Platformitis

In these days of rampant technology, writers are being advised to build a platform. This platform, according to the experts, should include a blog – written daily, or at least weekly; and Facebook, Twitter, instagram and some other “presences” I don’t recall the names of, posted with even more regularity; as well as speaking on the subjects about which we writers write. (Do you know how long it takes to prepare to speak?)  I believe this platform-building steals the hope of good writing, especially for those who wish to improve their writing over the course of their lives. There are, after all, only twenty-four hours in one writer’s day, and we all do have to get the dishes done or take out the trash.

design desk display eyewear

Interesting that I’m wiritng this in my blog–kind of an oxymoron in progress. No, not really, though, because it serves to clean my brain of a rant. I’ll just add this. When I was writing nonfiction, research was my biggest “distraction.”  Time-consuming, but far less than my current writing life, then I could spend a fraction of my time on platform.

Now that I’m trying my hand at fiction, there are so many skills  to learn, skills that build on each other and require neverending practice.  This polishing of a writer’s writing should take priority over platform building. If it doesn’t, my writing stands a good chance of being lackluster, ill-conceived drivel.

I know, because I have read others’ who I imagine spent the time they could have polished their fiction — you guessed it, building platforms.

So what to do? Publishers want the platforms so that readers will be drawn in. Makes sense. Perhaps they should consider helping  authors create and maintain their platforms. Or maybe agents should assist with that job? Or perhaps the frequency doesn’t need to be daily or weekly. I’m just advocating for putting the most, best time into the writing.

Rant End.

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Brain Tornado

More frequently these days my brain flits from one subject to another so fast I can barely keep up. What’s up with that?  I can be thinking about dusting the living room, when suddenly my brain wants to go to Hawaii. Or maybe I’m deep thinking on the subject of balance and my brain switches to ignorance. That is not to say that I become ignorant, but that I consider the possibility that I really know nothing about anything. I guess that is the definition of ignorance, though, isn’t it. So where am I going with this? Looking for cohorts, I guess.

person holding string lights photo

 

I do begin to feel like there’s a storm forming in my cranium sometimes. And add someone else talking to the mix, and I am whirling, honest. So I wonder, is this because I have learned so much that my brain isn’t sure which thing to pick? Or could it be the beginning of some weird disease? Or is it that I have a lot of interests? Or do I need a shrink?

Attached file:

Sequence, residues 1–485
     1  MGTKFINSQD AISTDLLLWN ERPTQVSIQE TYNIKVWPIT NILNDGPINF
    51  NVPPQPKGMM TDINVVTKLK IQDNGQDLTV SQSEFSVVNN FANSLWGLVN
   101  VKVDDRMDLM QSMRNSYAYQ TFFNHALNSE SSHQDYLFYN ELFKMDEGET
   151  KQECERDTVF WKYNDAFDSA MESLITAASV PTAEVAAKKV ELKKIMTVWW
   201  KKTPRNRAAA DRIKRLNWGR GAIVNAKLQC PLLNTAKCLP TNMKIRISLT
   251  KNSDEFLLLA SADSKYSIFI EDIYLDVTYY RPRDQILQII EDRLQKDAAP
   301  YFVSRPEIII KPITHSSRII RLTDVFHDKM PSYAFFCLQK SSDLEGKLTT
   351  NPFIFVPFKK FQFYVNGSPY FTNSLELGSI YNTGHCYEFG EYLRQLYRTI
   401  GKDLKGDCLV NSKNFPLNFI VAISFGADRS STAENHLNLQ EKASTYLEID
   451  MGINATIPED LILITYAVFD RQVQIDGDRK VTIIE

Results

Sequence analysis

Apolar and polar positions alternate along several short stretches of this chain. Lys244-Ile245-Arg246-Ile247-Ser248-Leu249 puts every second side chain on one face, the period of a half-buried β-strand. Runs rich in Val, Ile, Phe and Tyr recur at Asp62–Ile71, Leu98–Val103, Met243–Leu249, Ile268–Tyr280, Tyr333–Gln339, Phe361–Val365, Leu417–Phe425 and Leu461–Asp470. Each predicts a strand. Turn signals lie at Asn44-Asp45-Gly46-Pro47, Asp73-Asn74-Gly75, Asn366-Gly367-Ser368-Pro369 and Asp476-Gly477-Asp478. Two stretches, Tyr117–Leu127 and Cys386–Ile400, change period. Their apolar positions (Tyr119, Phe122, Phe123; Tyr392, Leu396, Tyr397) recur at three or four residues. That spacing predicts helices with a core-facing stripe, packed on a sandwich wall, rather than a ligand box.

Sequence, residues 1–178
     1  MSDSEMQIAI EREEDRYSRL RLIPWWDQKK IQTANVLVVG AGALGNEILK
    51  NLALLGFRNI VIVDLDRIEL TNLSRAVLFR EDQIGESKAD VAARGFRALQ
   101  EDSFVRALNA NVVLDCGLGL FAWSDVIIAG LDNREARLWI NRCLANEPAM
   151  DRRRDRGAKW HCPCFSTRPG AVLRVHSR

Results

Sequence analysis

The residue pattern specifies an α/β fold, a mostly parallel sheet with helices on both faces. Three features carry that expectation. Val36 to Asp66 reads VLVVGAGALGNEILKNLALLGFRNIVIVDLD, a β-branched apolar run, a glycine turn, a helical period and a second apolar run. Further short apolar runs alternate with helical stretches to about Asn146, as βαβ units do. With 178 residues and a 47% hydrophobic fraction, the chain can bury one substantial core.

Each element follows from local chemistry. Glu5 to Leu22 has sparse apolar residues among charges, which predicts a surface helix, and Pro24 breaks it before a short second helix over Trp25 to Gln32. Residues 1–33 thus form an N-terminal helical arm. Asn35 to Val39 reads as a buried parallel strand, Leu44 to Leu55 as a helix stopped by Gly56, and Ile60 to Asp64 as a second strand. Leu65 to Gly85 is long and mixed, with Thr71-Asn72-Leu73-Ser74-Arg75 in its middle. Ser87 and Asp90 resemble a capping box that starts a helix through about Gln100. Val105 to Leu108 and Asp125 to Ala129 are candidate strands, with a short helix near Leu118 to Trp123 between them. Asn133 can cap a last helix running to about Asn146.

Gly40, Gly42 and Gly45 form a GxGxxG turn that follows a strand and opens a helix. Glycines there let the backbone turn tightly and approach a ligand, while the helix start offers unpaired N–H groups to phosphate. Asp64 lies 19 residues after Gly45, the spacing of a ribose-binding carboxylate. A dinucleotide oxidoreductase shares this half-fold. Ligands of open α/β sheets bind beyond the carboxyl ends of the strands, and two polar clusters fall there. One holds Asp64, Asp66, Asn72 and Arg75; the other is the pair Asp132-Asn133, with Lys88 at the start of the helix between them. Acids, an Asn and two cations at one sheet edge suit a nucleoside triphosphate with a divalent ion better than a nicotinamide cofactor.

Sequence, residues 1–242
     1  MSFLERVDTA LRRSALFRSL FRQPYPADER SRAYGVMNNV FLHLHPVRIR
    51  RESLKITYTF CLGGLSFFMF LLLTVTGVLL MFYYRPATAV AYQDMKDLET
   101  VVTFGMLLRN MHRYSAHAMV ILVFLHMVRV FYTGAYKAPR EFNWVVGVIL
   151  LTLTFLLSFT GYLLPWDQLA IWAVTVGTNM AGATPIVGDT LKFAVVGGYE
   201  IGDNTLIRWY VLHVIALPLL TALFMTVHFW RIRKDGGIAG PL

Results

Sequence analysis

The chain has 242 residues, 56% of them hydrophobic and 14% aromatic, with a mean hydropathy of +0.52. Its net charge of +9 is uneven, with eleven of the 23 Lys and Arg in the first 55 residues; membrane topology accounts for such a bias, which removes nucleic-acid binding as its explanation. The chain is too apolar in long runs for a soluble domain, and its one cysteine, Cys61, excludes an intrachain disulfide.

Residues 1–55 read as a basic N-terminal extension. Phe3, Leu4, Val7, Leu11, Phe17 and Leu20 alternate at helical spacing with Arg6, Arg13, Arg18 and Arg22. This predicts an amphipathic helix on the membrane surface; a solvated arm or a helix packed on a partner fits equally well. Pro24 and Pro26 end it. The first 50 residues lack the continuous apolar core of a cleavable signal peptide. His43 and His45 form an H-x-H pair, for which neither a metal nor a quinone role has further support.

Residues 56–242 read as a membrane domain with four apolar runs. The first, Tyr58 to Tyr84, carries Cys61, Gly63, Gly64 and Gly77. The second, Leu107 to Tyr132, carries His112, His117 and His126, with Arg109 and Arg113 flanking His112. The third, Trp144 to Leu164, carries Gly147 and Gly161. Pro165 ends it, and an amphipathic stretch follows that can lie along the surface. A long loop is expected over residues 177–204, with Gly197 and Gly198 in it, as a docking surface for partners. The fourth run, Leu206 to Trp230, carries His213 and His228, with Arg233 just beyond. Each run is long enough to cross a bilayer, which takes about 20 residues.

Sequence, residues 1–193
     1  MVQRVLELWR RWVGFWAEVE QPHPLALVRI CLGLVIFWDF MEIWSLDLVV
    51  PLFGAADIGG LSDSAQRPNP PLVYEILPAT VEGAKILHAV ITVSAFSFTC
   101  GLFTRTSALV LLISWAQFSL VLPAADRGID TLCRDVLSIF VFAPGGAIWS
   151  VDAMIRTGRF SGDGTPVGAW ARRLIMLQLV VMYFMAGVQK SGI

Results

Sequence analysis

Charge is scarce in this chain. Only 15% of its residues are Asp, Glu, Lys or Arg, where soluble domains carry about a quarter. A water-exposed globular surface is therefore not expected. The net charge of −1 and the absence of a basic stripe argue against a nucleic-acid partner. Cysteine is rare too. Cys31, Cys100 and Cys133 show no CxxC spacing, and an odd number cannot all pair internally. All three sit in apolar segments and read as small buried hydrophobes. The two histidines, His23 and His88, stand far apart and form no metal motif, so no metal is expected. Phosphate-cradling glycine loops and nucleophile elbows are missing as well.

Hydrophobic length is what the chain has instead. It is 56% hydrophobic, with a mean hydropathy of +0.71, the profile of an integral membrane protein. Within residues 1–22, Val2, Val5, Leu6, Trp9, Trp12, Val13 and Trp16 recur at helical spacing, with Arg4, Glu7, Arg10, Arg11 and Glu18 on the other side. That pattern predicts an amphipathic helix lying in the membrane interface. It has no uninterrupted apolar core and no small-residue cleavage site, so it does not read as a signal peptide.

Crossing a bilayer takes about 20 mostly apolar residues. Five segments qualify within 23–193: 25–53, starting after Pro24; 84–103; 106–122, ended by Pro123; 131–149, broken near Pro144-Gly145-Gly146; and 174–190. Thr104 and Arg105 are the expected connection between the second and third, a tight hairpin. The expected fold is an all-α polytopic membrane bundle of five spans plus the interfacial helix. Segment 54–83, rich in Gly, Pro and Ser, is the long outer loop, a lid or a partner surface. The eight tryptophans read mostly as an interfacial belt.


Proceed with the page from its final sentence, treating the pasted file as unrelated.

Maybe it’s the human condition. No, I don’t think so. I didn’t do this until this stage of my life. Wait, what about those times when three kids were all clamoring for my attention at the same time? Yeah, I had forgotten that. Or what about the days I had to study for tests in three classes on the same day. Yeah, there was that. Or what about the images that played in my mind when I waited for Christmas as a child. Holy smoke, I’ve always been like this! How about you?

Grace and Truth

I like the concept of blending grace and truth. Favour you can’t do anything to receive, it just is — and the reality at the bottom of everything. I like it, but I’m not sure I’m very good at it, or maybe I should say I’m not sure I even understand how to keep them both at work. I think I may lean hard toward grace, and let truth go begging. That’s probably because I shrink back from assuming I know the truth sometimes, and I shrink back from the possibility of it hurting someone’s feelings other times.

girl and woman sitting on brown rock

Photo by Nicholas Githiri on Pexels.com

Sooo, I also suspect that my novels may be developing a pattern of exploring concepts I’m not quite sure about when I start them. The last one played around with fear. Whew! That sounded like an oxymoron if I ever heard one. The next one is going to dabble in grace and truth.

Now, if you’ve read this far, I’d like to ask a favor. What do you think about grace and truth? Do you have insights or experiences that have clarified the whole thing for you? If so, please share them in the comments.  I’d love to hear them, and thank you very much.

Shiloh’s First!